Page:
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Research on dinosaurs found: the T-Rex may be 70% bigger than we thought so far - voila! news

2022-11-28T22:15:30.552Z

The Tyrannosaurus rex is probably much larger than researchers have previously concluded. A new study claims that the largest T. Rex that lived on Earth reached a weight of 15 thousand kilograms



Scotty, the largest T-Rex found to date (Nexamous)

The Tyrannosaurus Rex was one of the largest dinosaurs to walk the earth, but just how big could this ferocious dinosaur be?

In a new study, the researchers tried to answer this question and came to a surprising conclusion - according to which the T-Rex may have reached a weight of 15,000 kilograms and was 70 percent larger than previously thought.



Paleontologists from the Canadian Museum of Nature in Ottawa, Ontario, estimated that the world's largest Het rex weighed 15,000 kilograms, making it heavier than an average bus, which weighs about 11,000 kilograms.

The scientists presented their findings on November 5 at the annual meeting of the Society for Vertebrate Paleontology (SVP) in Toronto.

Currently, the largest T-rex on record is from a dinosaur known as "Scotty", which weighed 8,870 kg when alive - about the same as 6.5 Volkswagen Beetles.



"The largest T. rex was about 70% larger than Scotty," study author Jordan Malone, a scientist and head of paleobiology at the Canadian Museum of Nature, told Live Science, "that's more than double the size we estimated for T. rex."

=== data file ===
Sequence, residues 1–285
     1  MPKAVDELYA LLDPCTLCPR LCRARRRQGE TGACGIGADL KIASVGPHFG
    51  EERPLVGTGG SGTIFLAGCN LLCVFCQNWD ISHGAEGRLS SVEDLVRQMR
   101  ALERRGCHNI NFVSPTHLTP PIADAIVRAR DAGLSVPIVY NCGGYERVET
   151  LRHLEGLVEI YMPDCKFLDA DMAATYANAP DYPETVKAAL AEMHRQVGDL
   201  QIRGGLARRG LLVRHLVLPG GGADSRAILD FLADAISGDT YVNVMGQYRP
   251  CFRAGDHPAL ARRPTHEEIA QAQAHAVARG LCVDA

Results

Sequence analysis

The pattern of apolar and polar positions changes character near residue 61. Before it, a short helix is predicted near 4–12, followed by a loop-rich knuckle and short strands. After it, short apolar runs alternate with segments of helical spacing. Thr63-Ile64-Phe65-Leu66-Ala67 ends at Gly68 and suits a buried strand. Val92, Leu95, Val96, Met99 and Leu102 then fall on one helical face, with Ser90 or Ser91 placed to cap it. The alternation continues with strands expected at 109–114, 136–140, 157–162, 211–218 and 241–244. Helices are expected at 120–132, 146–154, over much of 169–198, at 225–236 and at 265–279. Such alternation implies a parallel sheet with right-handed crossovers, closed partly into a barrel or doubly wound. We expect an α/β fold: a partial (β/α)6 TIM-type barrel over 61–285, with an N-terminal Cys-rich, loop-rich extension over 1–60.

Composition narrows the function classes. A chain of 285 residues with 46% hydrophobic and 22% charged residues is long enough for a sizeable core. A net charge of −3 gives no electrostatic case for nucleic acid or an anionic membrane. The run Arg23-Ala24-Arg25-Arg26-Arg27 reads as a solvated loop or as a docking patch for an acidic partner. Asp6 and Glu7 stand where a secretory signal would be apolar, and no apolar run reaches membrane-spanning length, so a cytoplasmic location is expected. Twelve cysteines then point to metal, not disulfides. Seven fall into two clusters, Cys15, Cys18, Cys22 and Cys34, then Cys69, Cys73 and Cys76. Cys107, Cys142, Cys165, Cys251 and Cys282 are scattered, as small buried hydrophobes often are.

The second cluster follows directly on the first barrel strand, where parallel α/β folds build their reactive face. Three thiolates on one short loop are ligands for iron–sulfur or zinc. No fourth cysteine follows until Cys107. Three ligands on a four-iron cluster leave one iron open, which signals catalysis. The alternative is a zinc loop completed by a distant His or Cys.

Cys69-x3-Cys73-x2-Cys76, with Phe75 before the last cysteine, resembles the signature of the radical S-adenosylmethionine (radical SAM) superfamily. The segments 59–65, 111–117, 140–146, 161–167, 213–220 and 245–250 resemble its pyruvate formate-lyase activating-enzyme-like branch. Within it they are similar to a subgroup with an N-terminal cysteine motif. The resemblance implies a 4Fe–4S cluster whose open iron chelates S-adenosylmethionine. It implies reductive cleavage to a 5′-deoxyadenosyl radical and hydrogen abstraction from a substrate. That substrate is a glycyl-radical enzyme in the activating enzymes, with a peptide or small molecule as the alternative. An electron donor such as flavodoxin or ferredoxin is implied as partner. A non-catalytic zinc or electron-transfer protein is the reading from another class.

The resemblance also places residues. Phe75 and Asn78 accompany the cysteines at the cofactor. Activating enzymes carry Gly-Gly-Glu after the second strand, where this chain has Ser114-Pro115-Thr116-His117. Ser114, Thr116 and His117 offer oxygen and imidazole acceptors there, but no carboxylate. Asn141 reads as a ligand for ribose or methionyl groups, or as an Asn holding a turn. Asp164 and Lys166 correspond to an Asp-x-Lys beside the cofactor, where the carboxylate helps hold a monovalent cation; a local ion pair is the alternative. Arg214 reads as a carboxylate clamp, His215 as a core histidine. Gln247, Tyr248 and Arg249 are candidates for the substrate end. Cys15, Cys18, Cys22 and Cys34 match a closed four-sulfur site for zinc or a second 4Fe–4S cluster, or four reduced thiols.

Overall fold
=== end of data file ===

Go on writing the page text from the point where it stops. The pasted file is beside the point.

To reach this weighty conclusion, the scientists first examined the existing fossil record, which shows that about 2.5 billion T. rexes lived on Earth in the distant past.

However, only a small fraction - 32 mature fossils - have ever been discovered, giving scientists a limited amount of information to draw from.

Much bigger than that (Photo: ShutterStock)

Malone and his research partner David Hone, senior lecturer and deputy director of education at Queen Mary University of London, looked at population numbers and average lifespans to create a model of the largest possible T-rex.

They also considered changes in body size based on mating dimorphism—size differences between males and females within a species.



"We ended up building two models - one showing zero dimorphism and one with strong dimorphism," Malone said.

"If the T. rex was dimorphic, we estimate that it would have weighed up to 24,000 kg, but we rejected this model because if it were true, we would already have found larger individuals by now." Using this data, the scientists were able to demonstrate the growth curve of The T-Rex throughout its life - and to estimate how big a mature dinosaur could have been.

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The T-Rex may have reached a weight of 15,000 kilograms and was 70 percent larger than previously thought (Photo: ShutterStock)

This is Scotty, the largest T-Rex ever found:

Malone clarified that until a T-Rex is found that is similar in size to the one in the model, the model's conclusions are purely speculative.

"It's just a thought experiment with some numbers behind it. It's something fun to think about," Malone said.



Indeed, the investigation highlights how challenging it is for paleontologists to draw conclusions about dinosaur species from a very limited fossil record.

"It reminds us that what we know about dinosaurs isn't much at all, because the sample size is so small," Thomas Carr, a vertebrate paleontologist at Carthage College in Kenosha, Wisconsin, who was not involved in the new study, told Live Science.

He added: "Currently, we are nowhere near the sample size needed, especially when compared to other animal species."



Carr, who attended the SVP conference, added that the T. rex was likely much larger than individual scientists have so far located.

"It's really an amazing animal," Carr said, "just imagining a T-rex of this size is extraordinary. I think an animal of this size is statistically within reach."

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Source: walla

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